Large cystine stone (a) and coronal CT scan image (b) demonstrating a left staghorn calculus and a smaller left upper pole stone
Access to the kidney is gained by using x-rays to direct a tube from the skin on your back to the kidney. The size of the tube placed can be up to 1 cm in width. Stones are extracted with a rigid telescope (Nephroscope or Renoscope; Fig. 20.2). Placed through the scope is a probe that has the dual advantage of using ultrasonic and pneumatic energy to fragment the stone (See Fig. 20.3). The ultrasound emitter at the end is typically used to drill holes and break the stone in to small pieces (Fig. 20.4). A pneumatic hammer, which acts like a jackhammer, can also be employed to break the stone (Fig. 20.5). After the stone is broken, one extracts the stones fragments through a tube. After the procedure is complete, the large 1 cm access tube is exchanged for a smaller drainage tube (typical 0.4 cm in width), called a nephrostomy tube.
Image of a nephroscope used to look inside the kidney
Image of Lithoclast
Nephroscopic view of the renal pelvis demonstrating large renal stone. Lithoclast using the ultrasonic lithotripter (a) and the resulting large stone cavity created (b)
Lithoclast using the pneumatic lithotripter used to fragment stone (a); Stone cracked (b) and fragment removed (c)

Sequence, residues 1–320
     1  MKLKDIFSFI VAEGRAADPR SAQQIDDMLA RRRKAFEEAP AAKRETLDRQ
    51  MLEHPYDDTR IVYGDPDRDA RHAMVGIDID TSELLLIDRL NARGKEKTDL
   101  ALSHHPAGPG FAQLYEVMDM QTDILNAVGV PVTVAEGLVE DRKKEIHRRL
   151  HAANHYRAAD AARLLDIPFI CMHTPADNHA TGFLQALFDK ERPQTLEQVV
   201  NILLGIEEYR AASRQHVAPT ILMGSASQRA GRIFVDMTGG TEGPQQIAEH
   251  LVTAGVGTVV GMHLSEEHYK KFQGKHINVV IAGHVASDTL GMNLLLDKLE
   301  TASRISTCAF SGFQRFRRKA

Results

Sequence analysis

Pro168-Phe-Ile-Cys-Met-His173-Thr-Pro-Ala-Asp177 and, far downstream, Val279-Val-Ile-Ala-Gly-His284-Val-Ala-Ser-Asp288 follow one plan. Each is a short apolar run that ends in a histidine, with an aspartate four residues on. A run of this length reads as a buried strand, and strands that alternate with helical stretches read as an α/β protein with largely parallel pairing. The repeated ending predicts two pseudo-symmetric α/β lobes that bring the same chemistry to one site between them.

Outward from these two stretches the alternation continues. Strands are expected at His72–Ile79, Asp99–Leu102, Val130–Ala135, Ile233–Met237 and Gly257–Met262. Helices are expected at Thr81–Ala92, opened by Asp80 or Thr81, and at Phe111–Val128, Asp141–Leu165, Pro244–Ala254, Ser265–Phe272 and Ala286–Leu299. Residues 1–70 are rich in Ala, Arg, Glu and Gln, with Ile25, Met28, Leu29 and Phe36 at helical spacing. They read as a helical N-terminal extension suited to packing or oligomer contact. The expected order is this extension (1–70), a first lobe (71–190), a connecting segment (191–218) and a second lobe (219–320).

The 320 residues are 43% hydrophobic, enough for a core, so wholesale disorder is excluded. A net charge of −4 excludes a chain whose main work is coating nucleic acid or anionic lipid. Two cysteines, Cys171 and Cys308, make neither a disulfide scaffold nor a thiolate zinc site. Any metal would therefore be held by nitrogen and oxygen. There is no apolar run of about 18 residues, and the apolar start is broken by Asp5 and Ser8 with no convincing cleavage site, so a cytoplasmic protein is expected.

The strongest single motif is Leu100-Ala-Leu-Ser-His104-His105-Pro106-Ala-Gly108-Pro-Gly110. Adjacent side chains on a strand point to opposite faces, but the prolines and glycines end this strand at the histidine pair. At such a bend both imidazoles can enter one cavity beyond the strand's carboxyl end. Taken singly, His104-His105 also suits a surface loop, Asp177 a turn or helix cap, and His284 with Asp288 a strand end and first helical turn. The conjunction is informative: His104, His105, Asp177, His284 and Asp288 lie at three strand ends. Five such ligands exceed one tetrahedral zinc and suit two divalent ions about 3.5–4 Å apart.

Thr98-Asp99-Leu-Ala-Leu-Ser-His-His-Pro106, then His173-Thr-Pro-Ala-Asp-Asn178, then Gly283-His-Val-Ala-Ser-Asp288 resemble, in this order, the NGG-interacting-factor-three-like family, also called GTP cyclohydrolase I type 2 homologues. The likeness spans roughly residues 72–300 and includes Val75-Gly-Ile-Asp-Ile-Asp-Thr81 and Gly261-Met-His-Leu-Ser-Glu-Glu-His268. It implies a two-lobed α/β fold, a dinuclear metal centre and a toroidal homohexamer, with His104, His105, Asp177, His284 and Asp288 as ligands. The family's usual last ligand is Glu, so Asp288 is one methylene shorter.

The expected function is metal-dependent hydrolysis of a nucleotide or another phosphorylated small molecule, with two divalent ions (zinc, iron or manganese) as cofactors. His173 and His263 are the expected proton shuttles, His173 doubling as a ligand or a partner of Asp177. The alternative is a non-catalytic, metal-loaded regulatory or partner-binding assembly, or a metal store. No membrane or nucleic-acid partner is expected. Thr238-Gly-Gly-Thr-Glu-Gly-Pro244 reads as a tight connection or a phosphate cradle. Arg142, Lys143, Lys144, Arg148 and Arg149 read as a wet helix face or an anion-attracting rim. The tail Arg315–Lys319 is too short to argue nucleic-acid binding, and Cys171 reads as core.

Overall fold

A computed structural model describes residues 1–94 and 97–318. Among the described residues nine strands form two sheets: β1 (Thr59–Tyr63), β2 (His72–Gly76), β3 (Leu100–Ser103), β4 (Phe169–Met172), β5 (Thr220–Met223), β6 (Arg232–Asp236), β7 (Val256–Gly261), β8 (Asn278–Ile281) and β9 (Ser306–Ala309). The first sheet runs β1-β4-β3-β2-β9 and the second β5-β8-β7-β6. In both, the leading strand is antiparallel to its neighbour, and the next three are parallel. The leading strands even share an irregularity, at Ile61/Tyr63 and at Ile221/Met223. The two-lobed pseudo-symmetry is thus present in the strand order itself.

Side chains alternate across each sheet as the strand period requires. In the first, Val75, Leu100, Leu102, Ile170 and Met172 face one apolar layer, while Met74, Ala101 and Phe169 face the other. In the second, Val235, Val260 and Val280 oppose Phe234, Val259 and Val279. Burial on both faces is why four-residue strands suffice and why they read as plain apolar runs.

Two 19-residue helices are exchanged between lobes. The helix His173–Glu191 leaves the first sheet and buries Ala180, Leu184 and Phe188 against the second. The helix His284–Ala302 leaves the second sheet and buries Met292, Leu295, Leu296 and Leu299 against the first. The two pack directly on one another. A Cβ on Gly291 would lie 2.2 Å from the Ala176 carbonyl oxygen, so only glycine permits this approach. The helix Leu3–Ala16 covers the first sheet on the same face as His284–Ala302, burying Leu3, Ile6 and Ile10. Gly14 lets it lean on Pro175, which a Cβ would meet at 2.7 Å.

Able to remove very large stones, multiple small stones, even stones that encompass the entire kidney.
Usually requires hospitalization. After the procedure, the nephrostomy tube coming out the patient’s back might need to remain for several days. This can be uncomfortable, especially when sleeping. With the nephrostomy tube in close proximity to the lungs, rarely patients can have air (pneumothorax) or fluid (hydrothorax) build between the lung and the chest wall. This may require further procedures to rectify.
Ureteroscopy: Going to great lengths to treat your stone!
Smaller stones of the kidney. The widths of all the stones when summed together should be less than 1.5 cm.
Technological improvements have allowed for the manufacture of very small telescopic instruments, called ureteroscopes (See Fig. 20.6). A Urologist will advance the scope through the urethra and bladder, up through the ureter and extending into the kidney. Once in the kidney, the stone is typically pulverized with a powerful laser to manageable-sized pieces. These pieces must be small (<0.3 cm) so that they can be extracted with a basket deployed through the ureteroscope (Fig. 20.7). Several passes are often required to remove the entire stone burden. A ureteral stent is placed after the procedure to allow the ureter to heal from the trauma of the ureteroscope. The stent is usually removed 1–3 weeks later in the office.
Image of flexible ureteroscope
Ureteroscopic view of stone within the renal pelvis (a); laser ablation of stone (b); stone in basket (c)
This is a minimally invasive approach. There are no incisions as the approach is via the urethra. A good amount of stone can be treated. This is an ambulatory procedure, and most patients go home the same day of surgery.
It is impractical for a large amount of stones.
Extracorporeal Shockwave Therapy (ESWL): The Stone Breaker!
Stones up to 1.5 cm in the kidney